Tuesday, March 12, 2013

Begrudging farmers and attitudes to welfare

Those people commenting here and elsewhere about their lack of sympathy for farmers and opposition to any assistance will be pleased to know that Work and Income has not made any payments to farmers since the official drought declaration.

A spokesman for Work and Income said no rural assistance payments had been made since drought had been declared.
As I pointed out yesterday on an earlier thread these payments will be very hard to access and are only for people in extreme hardship.

Personally I don't begrudge it.

Here's something relevant written by an economist:

Attitudes towards welfare may differ substantially even across otherwise similar countries, but the basic determinants of solidarity and willingness to help are understood well enough. An interesting summary of the quantitative and qualitative research is provided by Horton and Gregory (2009: 110–30). It shows, first of all, that most people are not indifferent to the distress of others. 


Most people, however, have strong views on what they expect from those receiving help. The single biggest deterrent to generosity is fear of being taken advantage of. Free-riding is so destructive that it need not even be especially widespread in order to undermine people’s willingness to help. At the same time, nothing boosts the willingness to be generous as much as the confidence that most recipients of aid will collaborate, and do their best to improve their own situation.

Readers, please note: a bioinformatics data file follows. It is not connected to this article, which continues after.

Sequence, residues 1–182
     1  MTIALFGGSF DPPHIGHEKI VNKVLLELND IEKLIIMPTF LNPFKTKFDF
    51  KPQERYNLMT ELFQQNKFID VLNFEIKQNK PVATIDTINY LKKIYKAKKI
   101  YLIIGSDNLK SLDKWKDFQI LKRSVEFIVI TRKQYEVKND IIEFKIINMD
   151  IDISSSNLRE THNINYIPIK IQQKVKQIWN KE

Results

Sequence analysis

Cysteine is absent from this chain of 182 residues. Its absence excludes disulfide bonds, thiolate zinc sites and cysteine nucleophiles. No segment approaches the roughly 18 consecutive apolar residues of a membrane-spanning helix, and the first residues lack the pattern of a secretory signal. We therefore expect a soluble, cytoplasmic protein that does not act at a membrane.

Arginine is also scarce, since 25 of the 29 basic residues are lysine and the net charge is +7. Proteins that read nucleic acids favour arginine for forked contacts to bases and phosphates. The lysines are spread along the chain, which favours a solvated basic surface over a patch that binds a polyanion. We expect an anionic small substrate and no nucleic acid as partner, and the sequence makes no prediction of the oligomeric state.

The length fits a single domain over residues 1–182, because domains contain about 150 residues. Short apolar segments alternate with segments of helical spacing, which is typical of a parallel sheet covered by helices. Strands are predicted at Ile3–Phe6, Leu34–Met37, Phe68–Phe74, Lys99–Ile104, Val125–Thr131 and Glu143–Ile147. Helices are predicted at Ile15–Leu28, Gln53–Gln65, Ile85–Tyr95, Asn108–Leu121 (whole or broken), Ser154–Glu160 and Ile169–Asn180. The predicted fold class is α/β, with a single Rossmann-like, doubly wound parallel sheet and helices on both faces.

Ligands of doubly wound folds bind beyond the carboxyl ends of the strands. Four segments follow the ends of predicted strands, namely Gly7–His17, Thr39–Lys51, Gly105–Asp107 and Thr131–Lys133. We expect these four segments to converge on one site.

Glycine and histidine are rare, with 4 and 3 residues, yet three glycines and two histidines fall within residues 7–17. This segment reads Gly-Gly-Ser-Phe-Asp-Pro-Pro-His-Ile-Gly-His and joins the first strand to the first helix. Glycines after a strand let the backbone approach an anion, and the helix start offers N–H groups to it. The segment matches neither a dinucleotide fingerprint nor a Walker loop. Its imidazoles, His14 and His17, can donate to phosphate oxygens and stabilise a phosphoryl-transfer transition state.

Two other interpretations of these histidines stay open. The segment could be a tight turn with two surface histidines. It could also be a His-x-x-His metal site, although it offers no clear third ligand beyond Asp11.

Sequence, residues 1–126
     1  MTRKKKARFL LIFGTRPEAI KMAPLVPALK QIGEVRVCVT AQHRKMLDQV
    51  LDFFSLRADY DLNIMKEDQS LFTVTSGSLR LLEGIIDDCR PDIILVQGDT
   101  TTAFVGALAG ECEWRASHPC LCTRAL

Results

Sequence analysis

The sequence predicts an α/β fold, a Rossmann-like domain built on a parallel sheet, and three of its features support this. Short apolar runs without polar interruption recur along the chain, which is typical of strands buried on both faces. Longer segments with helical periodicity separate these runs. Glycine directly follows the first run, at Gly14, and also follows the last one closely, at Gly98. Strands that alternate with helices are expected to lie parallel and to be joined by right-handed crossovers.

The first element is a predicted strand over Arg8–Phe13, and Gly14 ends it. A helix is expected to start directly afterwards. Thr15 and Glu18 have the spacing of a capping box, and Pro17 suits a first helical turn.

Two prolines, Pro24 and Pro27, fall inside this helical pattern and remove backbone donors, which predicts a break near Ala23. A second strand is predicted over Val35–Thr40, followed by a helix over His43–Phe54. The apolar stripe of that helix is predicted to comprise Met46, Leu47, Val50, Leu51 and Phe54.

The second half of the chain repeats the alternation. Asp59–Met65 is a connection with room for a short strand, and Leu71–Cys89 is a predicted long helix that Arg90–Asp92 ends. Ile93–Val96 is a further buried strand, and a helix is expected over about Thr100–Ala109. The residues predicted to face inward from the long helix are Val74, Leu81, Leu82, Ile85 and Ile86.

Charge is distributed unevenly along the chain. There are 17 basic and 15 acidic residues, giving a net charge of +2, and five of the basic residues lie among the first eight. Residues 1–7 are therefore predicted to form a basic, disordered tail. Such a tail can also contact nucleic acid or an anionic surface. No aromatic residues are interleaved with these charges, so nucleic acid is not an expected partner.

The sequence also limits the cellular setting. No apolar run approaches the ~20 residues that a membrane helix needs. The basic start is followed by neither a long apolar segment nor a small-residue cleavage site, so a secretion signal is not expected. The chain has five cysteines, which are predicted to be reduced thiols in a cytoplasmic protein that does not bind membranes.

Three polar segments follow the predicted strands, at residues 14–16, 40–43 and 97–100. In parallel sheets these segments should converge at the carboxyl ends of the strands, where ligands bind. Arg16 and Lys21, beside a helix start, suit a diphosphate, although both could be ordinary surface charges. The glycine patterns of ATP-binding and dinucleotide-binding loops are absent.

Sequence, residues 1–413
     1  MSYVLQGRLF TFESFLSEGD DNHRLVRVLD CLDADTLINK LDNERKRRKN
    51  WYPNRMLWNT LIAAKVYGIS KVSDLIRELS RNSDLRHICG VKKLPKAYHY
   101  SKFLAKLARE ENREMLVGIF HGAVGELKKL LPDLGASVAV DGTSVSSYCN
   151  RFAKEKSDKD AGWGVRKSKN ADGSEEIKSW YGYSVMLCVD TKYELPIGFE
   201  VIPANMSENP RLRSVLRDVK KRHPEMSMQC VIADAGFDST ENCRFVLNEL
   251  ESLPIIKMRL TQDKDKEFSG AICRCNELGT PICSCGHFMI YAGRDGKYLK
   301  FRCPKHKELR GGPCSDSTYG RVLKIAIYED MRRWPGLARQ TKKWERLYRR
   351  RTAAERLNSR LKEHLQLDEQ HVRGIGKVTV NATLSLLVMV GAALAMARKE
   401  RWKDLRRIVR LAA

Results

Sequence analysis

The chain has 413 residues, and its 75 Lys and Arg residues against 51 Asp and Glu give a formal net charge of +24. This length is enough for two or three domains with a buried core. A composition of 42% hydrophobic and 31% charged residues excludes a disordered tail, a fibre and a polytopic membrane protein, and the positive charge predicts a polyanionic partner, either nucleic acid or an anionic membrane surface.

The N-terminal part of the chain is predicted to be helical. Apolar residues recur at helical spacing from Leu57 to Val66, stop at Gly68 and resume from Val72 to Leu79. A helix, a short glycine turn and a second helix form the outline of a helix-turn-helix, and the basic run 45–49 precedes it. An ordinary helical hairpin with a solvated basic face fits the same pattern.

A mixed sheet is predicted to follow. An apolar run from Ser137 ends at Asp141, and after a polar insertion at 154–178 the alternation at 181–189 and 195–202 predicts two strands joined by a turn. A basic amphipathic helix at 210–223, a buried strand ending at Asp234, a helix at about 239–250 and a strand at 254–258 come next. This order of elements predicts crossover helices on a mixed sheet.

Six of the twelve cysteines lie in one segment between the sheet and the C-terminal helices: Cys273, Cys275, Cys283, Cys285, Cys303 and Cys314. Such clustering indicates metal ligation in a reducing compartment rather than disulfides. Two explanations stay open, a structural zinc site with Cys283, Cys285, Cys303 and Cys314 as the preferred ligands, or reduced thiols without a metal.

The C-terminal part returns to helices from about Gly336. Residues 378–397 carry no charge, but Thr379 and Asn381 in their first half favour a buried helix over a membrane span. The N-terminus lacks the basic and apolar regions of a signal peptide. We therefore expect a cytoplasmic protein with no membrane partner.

The bottom line of the research is that people empathise with those who try – even if they try unsuccessfully. This is such a strong determinant of people’s willingness to help others that it trumps all other considerations.


An interesting illustration is an experimental study in which participants are presented with a set of fictional characters, and are asked to evaluate the degree to which they are deserving (ibid.:123–30). One of the characters has entered hard times through no fault of his own, receives benefits now, has the opportunity to change his situation, but does not do so. Another character has only himself to blame for having come on hard times, but is now doing his best to get his life back on track again. Participants empathised more strongly with the latter character. People are not primarily interested in who is to blame for a situation, but in who is doing their best to remedy the situation.

No comments: